The narrative further is buoyed by Mantel's gift for description. Now, let me first say that I feel like description has come to be much undervalued in fiction, as if it is too simple (a pile of pretty adjectives) to be interesting, or else it is notewothy only in how it transforms landscape into "character" -- as if description can't itself be a complex craft device in fiction without being conflated into something else. Wolf Hall uses description in a way that is both subtle and precise; it is uneasily gorgeous and utterly original. Consider this moment, just after Cromwell's final and scorching conversation with More (in which the 'them' refers to Cromwell and one of his young proteges, and 'he' is Cromwell):
The rocking of the boat beneath them is imperceptible. The flags are limp; it is a still morning, misty and dappled, and where the light touches flesh or linen or fresh leaves, there is a sheen like the sheen on an eggshell: the whole world luminous, its angles softened, its scent watery and green. He stares down into the water, now brown, now clear as the light catches it, but always moving; the fish in its depths, the weeds, the drowned men with bony hands swimming. On the mud and shingle there are cast up belt buckles, fragments of glass, small warped coins with the kings’ faces washed away. Once when he was a boy he found a horseshoe. A horse in the river? It seemed to him a very lucky find. But his father said, if horseshoes were lucky, boy, I would be the King of Cockaigne.
Beautiful? Sort of. Terrifying? Sort of. We readers are left to shift, to try to keep our balance on unsteady ground.
Another artful moment of description, here rendering Anne Boleyn in the dinner company of the king's friends:
Anne is brittle in their company, and as ruthless with their compliments as a housewife snapping the necks of larks for the table. If her precise smile fades for a moment, they all lean forward, anxious to know how to please her. A bigger set of fools you would go far to seek.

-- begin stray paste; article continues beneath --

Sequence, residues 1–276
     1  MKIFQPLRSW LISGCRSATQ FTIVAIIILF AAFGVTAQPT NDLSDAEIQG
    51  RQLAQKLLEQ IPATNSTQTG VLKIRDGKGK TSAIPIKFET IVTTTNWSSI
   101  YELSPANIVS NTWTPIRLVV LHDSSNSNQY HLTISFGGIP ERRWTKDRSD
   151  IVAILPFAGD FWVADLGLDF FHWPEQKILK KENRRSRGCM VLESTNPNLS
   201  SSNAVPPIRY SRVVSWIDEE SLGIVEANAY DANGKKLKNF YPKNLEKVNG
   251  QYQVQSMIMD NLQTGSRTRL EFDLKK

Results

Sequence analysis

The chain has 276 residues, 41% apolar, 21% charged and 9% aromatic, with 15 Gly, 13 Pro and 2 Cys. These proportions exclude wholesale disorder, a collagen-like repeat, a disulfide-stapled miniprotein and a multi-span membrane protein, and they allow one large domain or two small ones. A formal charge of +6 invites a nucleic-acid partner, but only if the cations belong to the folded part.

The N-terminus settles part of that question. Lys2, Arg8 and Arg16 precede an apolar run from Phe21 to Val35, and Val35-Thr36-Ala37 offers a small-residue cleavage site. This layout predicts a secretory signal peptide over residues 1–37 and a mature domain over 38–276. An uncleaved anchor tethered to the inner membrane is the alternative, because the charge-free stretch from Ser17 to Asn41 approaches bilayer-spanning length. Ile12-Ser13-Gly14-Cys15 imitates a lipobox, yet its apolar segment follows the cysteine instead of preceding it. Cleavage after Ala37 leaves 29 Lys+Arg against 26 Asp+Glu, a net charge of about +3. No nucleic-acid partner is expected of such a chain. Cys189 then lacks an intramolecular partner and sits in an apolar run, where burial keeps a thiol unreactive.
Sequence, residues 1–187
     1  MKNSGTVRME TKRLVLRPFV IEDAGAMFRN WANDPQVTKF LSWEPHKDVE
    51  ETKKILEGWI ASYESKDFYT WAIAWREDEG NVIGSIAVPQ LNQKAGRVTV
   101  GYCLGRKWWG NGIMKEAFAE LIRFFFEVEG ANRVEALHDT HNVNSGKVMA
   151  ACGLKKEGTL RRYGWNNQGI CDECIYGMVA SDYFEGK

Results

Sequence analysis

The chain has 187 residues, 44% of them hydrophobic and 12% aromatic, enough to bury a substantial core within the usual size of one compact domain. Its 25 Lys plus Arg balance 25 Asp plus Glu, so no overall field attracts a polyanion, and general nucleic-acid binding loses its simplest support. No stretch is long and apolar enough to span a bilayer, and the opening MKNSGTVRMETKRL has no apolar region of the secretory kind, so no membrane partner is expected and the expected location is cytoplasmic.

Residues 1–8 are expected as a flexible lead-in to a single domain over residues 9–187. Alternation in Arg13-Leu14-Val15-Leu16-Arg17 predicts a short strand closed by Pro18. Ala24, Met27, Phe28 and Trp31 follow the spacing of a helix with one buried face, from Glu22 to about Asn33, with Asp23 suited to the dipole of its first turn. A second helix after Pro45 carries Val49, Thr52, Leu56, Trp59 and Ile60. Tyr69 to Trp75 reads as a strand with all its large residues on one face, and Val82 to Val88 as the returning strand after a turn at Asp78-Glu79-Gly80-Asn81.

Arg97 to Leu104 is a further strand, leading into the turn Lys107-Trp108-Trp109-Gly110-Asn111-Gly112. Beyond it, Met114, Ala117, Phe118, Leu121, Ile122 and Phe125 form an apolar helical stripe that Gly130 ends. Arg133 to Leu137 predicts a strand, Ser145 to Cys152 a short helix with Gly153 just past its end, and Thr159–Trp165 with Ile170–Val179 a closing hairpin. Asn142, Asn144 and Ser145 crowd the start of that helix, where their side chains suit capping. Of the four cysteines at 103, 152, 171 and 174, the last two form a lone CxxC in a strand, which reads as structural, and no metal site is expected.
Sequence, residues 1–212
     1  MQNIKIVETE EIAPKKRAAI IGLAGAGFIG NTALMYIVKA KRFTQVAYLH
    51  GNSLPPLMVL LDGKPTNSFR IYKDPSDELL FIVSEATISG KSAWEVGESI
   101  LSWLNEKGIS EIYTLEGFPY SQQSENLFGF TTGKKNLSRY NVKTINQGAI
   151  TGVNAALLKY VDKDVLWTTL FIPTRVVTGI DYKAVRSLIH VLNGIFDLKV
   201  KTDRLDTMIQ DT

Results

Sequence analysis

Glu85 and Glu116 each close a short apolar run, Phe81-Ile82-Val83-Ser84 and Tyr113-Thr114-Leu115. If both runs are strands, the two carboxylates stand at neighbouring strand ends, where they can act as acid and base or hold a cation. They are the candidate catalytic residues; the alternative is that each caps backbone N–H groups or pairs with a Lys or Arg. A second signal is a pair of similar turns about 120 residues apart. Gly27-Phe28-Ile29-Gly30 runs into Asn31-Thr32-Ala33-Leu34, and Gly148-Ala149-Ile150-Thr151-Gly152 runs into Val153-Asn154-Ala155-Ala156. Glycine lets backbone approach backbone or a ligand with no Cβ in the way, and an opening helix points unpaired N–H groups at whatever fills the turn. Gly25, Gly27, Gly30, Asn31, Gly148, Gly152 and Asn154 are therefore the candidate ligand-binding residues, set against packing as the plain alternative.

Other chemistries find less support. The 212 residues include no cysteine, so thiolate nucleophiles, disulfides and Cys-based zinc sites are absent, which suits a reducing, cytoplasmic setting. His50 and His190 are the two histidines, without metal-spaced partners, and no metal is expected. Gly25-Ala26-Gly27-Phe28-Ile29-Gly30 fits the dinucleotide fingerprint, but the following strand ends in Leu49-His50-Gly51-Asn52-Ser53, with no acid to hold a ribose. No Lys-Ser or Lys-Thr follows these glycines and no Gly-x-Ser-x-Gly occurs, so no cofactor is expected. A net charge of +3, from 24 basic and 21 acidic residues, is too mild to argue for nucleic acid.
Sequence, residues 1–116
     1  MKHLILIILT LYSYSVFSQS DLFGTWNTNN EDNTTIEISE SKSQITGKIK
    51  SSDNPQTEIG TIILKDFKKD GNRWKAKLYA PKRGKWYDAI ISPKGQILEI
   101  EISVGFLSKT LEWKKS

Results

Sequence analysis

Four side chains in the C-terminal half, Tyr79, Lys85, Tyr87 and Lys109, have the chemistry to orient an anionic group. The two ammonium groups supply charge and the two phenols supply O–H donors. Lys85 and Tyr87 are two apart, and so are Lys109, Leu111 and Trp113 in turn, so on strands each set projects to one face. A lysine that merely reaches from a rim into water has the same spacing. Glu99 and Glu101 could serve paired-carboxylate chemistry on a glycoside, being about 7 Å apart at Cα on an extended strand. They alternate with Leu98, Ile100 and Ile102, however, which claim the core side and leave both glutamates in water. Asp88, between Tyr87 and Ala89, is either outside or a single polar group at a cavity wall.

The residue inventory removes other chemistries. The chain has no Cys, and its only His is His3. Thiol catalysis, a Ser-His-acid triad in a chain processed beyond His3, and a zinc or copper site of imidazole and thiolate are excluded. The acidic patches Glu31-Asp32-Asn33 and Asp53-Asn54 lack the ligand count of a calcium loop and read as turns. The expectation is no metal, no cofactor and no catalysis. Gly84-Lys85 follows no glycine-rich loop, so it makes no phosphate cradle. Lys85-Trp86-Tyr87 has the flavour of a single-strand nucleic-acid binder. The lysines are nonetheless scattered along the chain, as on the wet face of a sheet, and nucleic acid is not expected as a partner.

What I like about Mantel's striking descriptions, which have a habit of sneaking up on the reader, is that they simmer with the particularity of place while at the same time creating space for the mystical and the intangible. Such description parallels the building-blocks of Wolf Hall's story exactly: a story that is about the sacred and the profane, politics and prayer, bread and Body, wine and blood.
Aside from an early scene in Cromwell's childhood, this 530-page novel only spans eight years. We don't see Anne Boleyn go to the Tower (though the warning signs are showing); we don't see any indication that Cromwell himself will be executed five years after the novel's close. This doesn't feel like a lack; rather, Mantel's centering of the conflict with More gets exactly the right amount of attention. All the same, though, I understand Mantel is at work on a follow-up novel to Wolf Hall. I tell you, I can't wait.
Some people tell me I am prone to exaggeration, of the 'best-book-ever' variety. Maybe that is so. But I hope that won't diminish what I say now, with utter clarity and calm: Hilary Mantel is surely one of our greatest living writers. Wolf Hall is a treasure that will last and last and last.
* This is a review that, weirdly, seems to get basic facts about the novel wrong. It says, for example, Cromwell's daughter Grace was his favorite, when, though he loved the little one, the text clearly indicates that is was his older girl Anne that he felt the greatest affinity for. "Anne wants to learn Greek," is a tender refrain in Cromwell's memory of his dead daughters.